Under section 15 of the Hindu Marriage Act, 1955, a Hindu woman who dies intestate leaving behind her property, will only have male members as the claimant of the same. This is a rather regressive approach. However, section 17 of the same act lays down an exception. It gives inheritance rights only to heirs of mother for those who would have been governed by the matrilineal laws had the new law not come into effect. The husband here gets supplemented by his mother instead of his father. The woman’s father and her husband, under this provision enjoy equal rights. The list of beneficiaries laid down here places the husband’s heirs in the second position.  In the year 2002, many cases were filed in the Kerala High Court which brought about serious issues concerning the matrilineal practices which had been prevalent for long and were of utmost sentimental value for the people residing there. These cases brought about the real scenario of Kerala, it emphasised on the degree of importance that this practise was associated with, Hindu or Muslim irrespective. It was subsequently upheld that Section 17 of the Hindu Marriage Act was perfectly valid and required to be given due importance. Going against what has been stated elsewhere in the law, this provision clearly lays down that, in matters of inheritance when a Hindu woman dies intestate, the mother of the dead lady gets inheritance rights over the husband. In the year 1922, this provision was subjected to challenge on grounds of Kerala legislation[12] which stated that, after all the disputes arising over a matrilineal claim were solved, the remaining Hindu people could not ask for any further claims in the property. Going against this provision, the Kerala High court held that, as long as their people continued to live, for whom the Matrilineal law was an intrinsic part of their lives, section 17 of the Hindu marriage act will continue to prevail. This essentially meant that, this would be applicable to anyone who was born before the Kerala Act of 1976 was brought into effect. This conclusively deduces that, these laws will continue to be validly into effect for a minimum period of sixty years.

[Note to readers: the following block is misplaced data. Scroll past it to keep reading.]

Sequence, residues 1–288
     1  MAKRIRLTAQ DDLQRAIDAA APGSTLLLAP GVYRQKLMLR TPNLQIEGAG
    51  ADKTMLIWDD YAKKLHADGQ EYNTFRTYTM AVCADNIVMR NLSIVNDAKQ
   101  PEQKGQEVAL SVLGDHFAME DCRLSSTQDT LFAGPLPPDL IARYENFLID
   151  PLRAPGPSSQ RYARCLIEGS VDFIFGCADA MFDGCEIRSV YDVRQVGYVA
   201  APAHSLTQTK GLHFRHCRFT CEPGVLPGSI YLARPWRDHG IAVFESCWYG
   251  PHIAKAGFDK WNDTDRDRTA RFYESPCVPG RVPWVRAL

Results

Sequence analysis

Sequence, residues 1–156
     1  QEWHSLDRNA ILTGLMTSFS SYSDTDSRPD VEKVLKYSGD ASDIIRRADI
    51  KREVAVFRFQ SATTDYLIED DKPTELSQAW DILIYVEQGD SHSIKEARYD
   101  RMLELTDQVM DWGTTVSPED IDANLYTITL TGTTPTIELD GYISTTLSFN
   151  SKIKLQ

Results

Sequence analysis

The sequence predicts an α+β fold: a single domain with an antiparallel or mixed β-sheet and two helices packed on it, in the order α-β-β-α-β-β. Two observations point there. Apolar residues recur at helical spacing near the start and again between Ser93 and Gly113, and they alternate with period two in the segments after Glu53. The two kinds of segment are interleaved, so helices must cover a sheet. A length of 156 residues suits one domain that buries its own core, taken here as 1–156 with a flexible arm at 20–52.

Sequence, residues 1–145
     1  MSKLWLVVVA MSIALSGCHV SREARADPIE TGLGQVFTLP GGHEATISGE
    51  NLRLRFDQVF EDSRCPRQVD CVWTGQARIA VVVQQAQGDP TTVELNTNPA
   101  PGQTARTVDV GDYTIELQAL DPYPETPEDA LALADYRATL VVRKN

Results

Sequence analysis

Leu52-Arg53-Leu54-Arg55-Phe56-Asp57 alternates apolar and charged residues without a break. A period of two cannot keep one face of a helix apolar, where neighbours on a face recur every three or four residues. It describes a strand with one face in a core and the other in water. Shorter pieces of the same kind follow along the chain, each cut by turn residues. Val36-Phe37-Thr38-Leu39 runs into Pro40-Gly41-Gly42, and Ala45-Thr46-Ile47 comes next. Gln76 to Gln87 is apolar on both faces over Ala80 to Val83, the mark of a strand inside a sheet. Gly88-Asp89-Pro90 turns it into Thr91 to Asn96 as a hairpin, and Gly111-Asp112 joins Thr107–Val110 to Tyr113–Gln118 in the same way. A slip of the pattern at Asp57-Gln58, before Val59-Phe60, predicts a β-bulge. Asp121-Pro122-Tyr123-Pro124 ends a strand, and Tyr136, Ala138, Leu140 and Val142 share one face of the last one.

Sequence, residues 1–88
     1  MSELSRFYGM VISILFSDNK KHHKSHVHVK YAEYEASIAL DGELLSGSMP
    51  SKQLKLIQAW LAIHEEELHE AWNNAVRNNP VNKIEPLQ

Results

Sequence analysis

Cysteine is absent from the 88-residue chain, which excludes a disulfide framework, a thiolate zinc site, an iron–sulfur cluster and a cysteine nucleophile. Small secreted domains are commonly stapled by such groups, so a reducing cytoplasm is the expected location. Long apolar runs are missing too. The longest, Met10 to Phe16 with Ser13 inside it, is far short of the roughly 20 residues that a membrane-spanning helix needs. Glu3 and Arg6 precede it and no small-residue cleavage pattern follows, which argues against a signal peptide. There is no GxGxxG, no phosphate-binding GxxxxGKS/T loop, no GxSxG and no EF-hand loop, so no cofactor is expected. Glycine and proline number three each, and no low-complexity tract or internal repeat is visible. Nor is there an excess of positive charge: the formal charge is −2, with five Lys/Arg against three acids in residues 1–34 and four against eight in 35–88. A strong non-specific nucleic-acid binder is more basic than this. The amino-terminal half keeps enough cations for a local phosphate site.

The “Kerala Model” primarily bases its arguments on the concept of matrilineal precedence which saw its gradual influence in the society around 1990s. From the cases that were coming up, in the context of the existing scenario it could be understood that though the new Kerala law curbed down the old law, but abolishing the joint family system in its entirely in such a short span of time could not be brought about. The family ties that had continued for generations and were of such sentimental value could not be done away with. Over the course of deciding these cases it was finally concluded that, the inheritance rights would pass on to the maternal relative rather than a paternal relative. The Varanappalli temple near the place of Kayamkulam, still continues the practise of granting membership through the female line of dissent. The children of those females who are associated with the temple get membership because of the female family line,[13] the same not being applicable to the male members.